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Conservatives cheer as Oklahoma State Chamber of Commerce supports ‘Shannon-Fallin tax cut’

By   /   March 21, 2013  /   3 Comments

By Patrick B. McGuigan | CapitolBeatOK

OKLAHOMA CITY – A representative of the Oklahoma State Chamber of Commerce told CapitolBeatOK the group supports an income tax cut

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A spokeswoman for former state Rep. Fred Morgan, now president of the Oklahoma State Chamber of Commerce, says the organization supports the state House version of income tax reduction. Photo by Pat McGuigan

proposal advanced from the House to the Senate.

Responding to the news, the state’s leading advocate of income tax reductions said the Chamber’s position is “encouraging and exciting.”

In response to questions from CapitolBeatOK, spokeswoman Jennifer Monies said the Chamber supports House Bill 2032 “in its current form.” Monies works for the group’s president, former state Rep. Fred Morgan.

H. B. 2032, sponsored by House Speaker T.W. Shannon, R-Lawton, would reduce the state’s personal income tax rate to 5.00 percent, down from its present 5.25 percent rate.

Monies sent CapitolBeatOK, via email, the Chamber’s formal policy on income taxes: “Support a gradual reduction of personal income tax, provided that the tax burden will not be shifted onto business, valuable economic development incentives will be protected and core state services will not be underfunded.”

Elaborating, Monies said Shannon’s legislation “meets all of those criteria with a gradual reduction in the rate without cost-shifting to business. On the others, we are waiting to see how they shape up as they get closer to finalization.”

Support for H.B. 2032 does not necessarily imply opposition to competing proposals, as Monies explained, “Traditionally, we haven’t taken a position on any of the proposals until they are in a more finalized form because they are constantly changing and evolving and get caught up in budget negotiations anyway.”

The Senate has its own tax reform measure, and sent to the House a proposal to lower rates and include some changes in exemptions and deductions.

The Chamber’s position on H.B. 2032 was immediately applauded by the state’s leading free market public policy think tank.

“The importance of this is that (Gov.) Sam Brownback succeeded with his income tax cut last year in Kansas because the state’s business community was the biggest voice behind tax cuts,” said Michael Carnuccio, president of the Oklahoma Council of Public Affairs (OCPA).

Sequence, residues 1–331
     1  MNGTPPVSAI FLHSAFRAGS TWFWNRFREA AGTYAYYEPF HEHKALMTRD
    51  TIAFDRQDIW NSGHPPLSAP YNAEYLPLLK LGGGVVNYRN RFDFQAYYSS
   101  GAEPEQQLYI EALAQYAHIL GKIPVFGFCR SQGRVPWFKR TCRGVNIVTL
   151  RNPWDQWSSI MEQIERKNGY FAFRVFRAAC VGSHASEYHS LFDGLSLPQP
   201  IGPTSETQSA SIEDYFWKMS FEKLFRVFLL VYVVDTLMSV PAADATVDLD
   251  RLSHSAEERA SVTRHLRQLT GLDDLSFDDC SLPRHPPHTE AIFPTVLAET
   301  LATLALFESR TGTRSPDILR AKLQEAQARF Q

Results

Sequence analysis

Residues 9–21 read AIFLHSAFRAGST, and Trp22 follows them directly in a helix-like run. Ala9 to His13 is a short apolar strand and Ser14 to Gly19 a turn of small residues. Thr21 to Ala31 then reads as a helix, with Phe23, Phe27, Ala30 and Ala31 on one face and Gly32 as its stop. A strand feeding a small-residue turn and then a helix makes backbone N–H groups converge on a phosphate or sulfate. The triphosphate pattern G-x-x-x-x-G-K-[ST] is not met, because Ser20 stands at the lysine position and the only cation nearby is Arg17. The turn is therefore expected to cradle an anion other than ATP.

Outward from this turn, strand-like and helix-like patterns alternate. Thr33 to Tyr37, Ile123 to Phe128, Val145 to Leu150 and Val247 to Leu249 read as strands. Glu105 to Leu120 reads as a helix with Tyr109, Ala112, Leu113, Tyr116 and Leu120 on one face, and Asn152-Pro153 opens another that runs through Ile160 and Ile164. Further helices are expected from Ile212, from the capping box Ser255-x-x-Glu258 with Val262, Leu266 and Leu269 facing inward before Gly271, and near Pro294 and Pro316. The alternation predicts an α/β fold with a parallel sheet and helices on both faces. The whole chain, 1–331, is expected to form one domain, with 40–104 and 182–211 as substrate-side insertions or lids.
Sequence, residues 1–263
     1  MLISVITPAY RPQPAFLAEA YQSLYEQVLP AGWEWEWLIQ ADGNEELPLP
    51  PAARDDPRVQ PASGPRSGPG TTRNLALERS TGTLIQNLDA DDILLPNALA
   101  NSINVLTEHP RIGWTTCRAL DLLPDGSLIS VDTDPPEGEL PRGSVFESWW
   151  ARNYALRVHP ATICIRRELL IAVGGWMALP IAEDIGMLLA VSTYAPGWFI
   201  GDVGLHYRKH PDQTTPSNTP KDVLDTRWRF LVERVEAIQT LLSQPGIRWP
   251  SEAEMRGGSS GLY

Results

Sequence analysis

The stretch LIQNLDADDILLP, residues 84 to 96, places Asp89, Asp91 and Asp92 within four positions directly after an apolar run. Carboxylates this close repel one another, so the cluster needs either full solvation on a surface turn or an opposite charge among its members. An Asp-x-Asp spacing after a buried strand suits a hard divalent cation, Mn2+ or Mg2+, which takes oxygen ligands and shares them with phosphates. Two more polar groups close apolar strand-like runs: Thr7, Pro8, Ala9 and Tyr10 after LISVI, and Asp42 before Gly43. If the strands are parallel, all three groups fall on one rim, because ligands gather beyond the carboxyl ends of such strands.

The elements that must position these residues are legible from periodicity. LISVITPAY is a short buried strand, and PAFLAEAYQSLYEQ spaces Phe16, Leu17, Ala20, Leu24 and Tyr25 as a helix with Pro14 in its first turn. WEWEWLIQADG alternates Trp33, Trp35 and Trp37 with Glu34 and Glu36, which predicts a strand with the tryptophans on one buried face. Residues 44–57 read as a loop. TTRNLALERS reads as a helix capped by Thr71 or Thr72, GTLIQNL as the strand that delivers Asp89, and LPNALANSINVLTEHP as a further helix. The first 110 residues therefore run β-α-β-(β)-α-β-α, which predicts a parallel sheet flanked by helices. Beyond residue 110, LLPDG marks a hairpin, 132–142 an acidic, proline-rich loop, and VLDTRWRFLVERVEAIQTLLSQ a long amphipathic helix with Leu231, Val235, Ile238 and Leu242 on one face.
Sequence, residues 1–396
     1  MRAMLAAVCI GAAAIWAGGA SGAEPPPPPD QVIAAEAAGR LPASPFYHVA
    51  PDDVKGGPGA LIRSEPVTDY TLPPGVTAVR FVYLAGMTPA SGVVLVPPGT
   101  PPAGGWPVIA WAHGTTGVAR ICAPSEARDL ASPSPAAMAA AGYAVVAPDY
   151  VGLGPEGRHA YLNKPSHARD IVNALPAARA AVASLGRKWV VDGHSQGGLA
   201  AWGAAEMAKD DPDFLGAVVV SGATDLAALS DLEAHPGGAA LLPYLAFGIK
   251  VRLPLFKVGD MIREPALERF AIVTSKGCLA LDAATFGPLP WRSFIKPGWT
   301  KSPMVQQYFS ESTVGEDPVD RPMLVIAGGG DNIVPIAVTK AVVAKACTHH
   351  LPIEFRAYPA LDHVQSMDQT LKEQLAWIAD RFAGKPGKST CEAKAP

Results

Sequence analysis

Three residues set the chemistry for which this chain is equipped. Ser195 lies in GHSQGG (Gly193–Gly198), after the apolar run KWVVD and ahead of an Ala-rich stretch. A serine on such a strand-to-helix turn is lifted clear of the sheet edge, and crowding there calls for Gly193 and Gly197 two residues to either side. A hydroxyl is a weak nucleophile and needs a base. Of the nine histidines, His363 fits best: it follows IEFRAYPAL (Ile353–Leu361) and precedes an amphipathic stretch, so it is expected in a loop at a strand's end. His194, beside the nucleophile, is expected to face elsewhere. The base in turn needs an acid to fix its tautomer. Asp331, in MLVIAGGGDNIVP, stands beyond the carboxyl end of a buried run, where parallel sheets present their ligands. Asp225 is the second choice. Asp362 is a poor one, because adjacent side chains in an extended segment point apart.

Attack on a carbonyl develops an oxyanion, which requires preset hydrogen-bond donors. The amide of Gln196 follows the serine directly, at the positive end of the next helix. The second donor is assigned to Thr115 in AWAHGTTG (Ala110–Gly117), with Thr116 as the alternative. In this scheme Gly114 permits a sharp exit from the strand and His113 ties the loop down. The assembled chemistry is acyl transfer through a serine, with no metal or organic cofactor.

“To have the Chamber backing the governor and the speaker is an important, encouraging and exciting development in this year’s debate over tax reduction. It is reason for hope, that the business community and the conservative movement now are aligned, to back the Fallin-Shannon tax cut for 2013,” Carnuccio concluded.

You may contact Patrick B. McGuigan, Oklahoma City bureau chief  for the Watchdog.org network, at Patrick@capitolbeatok.com and follow us on Twitter: @capitolbeatok.

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Patrick B. McGuigan is bureau chief for the Oklahoma City Bureau of Watchdog.org, and works from the press room at the state Capitol. He is also the editor of CapitolBeatOK, and Associate Publisher of The City Sentinel newspaper. In 2013, The Washington Post blog “The Fix” designated Pat one of the best reporters in Oklahoma. In addition to the Oklahoma Society of Professional Journalists, where he serves as state secretary-treasurer, Pat is a member of the National Press Club and the Tulsa Press Club.

  • Huxley99

    We know what the Chamber thinks. What about other voices?

  • http://www.facebook.com/matthew.bennettanderson Matthew Bennett Anderson

    Just ask the folks in Kansas about their tax cut, which has directly led to a significant revenue shortfall and more budget cuts. In addition, they face an expiration of a temporary sales tax, which was put in place to help with the last revenue shortfall they faced. Kansas is also facing a court-ordered increase in public educational funding.

    Brownback is proposing offsetting some of this revenue shortfall with the elimination of some deductions and exemptions, like the home mortgage interest deduction. You know, the deductions that most benefit the middle class.

    Yep, we ought to be like Kansas. It’s a race to the bottom.

  • SixSixSix

    Humans need not apply to contribute to this discussion. Your money will be taken, and not theirs.